Jeb Bush listed Monday a few proposals that he would push for as president to “disrupt” Washington, including a dock in pay for members of Congress who miss votes and a six year cooling period banning former lawmakers from becoming lobbyists.
Speaking in Tallahassee, Florida — where Bush served for eight years as governor — the presidential candidate used examples from his past to show how he would lead from the Oval Office.
It’s all part of an effort for Bush to reenforce the idea that even though he has a famous political last name, he’d still be an outsider who could take on “Mount Washington,” as he puts it.
“It will not be my intention to preside over the establishment, but in every way I know to disrupt that establishment and make it accountable to the people,” he said.
It was the first of a series of policy speeches that Bush will give.
He touted that his administration reduced the state workforce by 11% and said as president, his first reform would be placing a freeze on federal hiring for five years and operate on a three-out, one-in rule — “only one new hire for every three who leave.”
For those employees who come up with cost-cutting methods, his administration would reward them financially, while letting go of employees who aren’t performing up to par.
“Obviously, federal employees should retain civil rights and whistleblower protections. But beyond that, the time it takes to remove an unproductive employee should be measured in weeks rather than years,” he said.
He also recycled proposals from his administration to help tamp down lobbying, saying he would call for any meeting between lawmakers and lobbyists to be disclosed on the lawmaker’s official website.
And in what could be a shot at some of his presidential rivals who work in the Senate — and who have missed votes because of the campaign trail — Bush called for financial penalties for elected officials who don’t show up.
“A bill to dock the pay of absentee members might not pass the House or Senate, but at least it would get them all there for a vote,” he said. “If we can’t always get them on the job, let’s at least get them on the record.”
To help scale back the revolving door in Washington, Bush wants to enact rules that would prevent ex-members of Congress from going into lobbying.
“We need to help politicians to rediscover life outside of Washington DC, which — who knows? — might even be a pleasant surprise for them,” he said.
He also floated the idea of letting the U.S. president acquire line item veto power and pledged to submit a Balanced Budget Amendment to Congress.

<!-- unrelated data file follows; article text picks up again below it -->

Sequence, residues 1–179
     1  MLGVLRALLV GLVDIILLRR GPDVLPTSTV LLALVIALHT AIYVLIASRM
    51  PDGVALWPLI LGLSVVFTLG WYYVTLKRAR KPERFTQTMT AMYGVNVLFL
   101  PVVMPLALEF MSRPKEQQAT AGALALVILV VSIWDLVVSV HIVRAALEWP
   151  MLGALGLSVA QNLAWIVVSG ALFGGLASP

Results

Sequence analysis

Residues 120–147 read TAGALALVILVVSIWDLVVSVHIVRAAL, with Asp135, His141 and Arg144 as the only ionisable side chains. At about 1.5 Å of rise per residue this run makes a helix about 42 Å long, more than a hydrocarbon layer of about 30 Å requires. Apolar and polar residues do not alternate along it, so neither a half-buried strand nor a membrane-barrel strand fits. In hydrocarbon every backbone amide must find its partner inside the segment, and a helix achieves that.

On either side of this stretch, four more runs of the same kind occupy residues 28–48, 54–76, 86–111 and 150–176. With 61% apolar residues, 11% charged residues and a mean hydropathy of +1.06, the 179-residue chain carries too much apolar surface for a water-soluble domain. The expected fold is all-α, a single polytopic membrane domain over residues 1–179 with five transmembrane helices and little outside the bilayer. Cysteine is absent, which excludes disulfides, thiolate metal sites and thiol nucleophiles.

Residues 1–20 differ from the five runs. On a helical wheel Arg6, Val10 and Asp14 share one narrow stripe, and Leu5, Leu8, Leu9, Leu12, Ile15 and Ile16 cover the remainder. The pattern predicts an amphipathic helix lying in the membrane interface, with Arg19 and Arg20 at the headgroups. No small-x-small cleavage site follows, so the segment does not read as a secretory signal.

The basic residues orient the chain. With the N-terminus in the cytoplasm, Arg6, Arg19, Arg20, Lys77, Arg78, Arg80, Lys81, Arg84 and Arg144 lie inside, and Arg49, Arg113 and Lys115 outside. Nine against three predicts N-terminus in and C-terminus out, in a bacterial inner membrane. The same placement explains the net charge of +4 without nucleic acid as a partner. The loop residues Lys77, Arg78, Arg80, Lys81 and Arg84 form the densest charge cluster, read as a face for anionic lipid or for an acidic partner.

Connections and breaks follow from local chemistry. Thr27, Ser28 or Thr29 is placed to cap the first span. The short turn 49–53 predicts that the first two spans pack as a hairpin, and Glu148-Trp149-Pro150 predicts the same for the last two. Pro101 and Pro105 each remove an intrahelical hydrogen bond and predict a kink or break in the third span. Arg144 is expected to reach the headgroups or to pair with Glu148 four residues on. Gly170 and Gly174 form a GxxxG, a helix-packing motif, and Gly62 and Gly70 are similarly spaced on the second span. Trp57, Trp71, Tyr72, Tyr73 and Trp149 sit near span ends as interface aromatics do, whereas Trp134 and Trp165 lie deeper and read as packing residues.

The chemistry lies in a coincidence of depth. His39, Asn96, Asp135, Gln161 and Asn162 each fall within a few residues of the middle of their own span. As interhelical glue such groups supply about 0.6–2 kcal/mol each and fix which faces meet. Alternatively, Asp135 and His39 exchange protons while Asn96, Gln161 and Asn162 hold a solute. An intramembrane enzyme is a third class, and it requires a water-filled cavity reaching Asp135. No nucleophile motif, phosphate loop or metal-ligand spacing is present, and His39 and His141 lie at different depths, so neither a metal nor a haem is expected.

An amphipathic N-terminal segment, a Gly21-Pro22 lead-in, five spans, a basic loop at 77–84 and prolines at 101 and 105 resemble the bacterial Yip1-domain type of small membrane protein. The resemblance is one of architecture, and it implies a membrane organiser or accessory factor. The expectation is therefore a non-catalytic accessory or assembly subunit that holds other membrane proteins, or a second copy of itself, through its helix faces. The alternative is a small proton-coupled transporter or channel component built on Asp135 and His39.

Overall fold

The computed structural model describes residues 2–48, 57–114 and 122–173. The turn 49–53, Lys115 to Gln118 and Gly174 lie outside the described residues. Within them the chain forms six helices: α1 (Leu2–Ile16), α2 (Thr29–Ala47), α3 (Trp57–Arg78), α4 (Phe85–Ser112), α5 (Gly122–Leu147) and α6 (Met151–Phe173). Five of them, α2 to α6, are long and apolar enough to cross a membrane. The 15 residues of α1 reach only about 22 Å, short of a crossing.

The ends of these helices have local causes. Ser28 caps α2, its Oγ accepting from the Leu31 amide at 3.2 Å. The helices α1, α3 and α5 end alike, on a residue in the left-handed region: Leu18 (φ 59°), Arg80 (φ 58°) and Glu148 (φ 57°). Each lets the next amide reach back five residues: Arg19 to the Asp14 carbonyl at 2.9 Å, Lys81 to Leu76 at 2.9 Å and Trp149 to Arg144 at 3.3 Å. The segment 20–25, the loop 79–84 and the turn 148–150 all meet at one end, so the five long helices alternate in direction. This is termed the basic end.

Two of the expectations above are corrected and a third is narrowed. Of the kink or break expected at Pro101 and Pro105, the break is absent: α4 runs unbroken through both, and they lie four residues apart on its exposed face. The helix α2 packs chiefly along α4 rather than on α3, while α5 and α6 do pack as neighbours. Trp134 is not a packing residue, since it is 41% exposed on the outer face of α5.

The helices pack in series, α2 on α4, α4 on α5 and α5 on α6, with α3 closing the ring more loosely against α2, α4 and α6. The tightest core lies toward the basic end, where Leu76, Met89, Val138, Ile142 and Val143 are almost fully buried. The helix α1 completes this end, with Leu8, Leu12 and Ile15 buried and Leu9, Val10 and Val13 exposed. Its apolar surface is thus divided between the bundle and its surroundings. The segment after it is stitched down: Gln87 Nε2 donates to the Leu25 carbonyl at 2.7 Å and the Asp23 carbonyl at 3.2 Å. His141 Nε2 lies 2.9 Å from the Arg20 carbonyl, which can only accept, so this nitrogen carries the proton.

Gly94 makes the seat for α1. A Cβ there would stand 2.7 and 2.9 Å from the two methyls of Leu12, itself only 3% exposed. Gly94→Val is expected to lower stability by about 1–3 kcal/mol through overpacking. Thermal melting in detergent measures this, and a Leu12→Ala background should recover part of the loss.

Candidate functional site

Democrats, however, were quick to argue that Bush was elevating his record, saying he was already required by law to balance the budget every year as governor and that spending actually rose under his administration
“Bush’s talk of government reform is nothing but thin air,” said Christina Freundlich, spokesperson for the Democratic National Committee, in a statement.
Being an outsider
Taking on the status quo is a popular sentiment for presidential candidates. Scott Walker brands himself as a fighter who’s embraced David vs. Goliath challenges. Ted Cruz has been unabashed in his willingness to buck his own party in Congress.
Donald Trump has also adopted the label as the outsider who’s eager to fix the country’s problems, saying his business experience and independent wealth make him the antidote to longtime politicians.
Trump has especially latched on to attacking Bush, accusing the candidate of “doing favors” for donors and lobbyists in exchange for his impressive fundraising figures.
With Bush persistently at the top of the polls, it’s no surprise that he has a target on his back. But washing away that insider label can be a complicated task for him.
“I think it’s difficult for someone with the last name of Bush to say they’re going to take on Washington,” said Matthew Corrigan, a professor of politics at the University of North Florida who authored “Conservative Hurricane,” a book about Bush’s time as governor.
“But he does have a clear record here in Florida of doing some big things, especially with education, and even in the social and cultural area, as well.”
Reforming the nation’s regulatory process and tax code have been major topics of his on the campaign trail, and he frequently points to the 2,500 line item vetoes he made as governor. He rarely holds a campaign event without mentioning that his critics called him “Veto Corleone,” something that he says he’s proud of.
He also talks about cutting taxes to the tune of $19 billion and creating $2 billion in savings. In fact, the only time he has criticized his brother, George W. Bush, this year came when he argued that Bush didn’t put enough pressure on Republicans in Congress to rein in spending.
A passionate policy wonk, Bush gets excited when he talks about the more nuanced levels of government and how to address issues on a micro-level. He was known to be intimately involved as governor, emailing low-level bureaucrats to ask detailed questions.
“He’s not an incrementalist. He’s not a small step leader,” Corrigan said. “If he did become president, I think you would see a lot of changes in the way the federal government does business.”
Whether his message will break through in a crowded Republican primary that includes a number of other current and former governors is yet to be seen.
But Bush isn’t lacking in confidence. He laughed last week when he was asked by a reporter if he’ll be able to break through the gridlock in Washington. “I think so,” he replied. “It’s a low bar.”
“That’s like saying ‘Can you walk from here to there?'” he added, pointing to the other side of the room. “I think I might be able to make it — unless you tackle me.”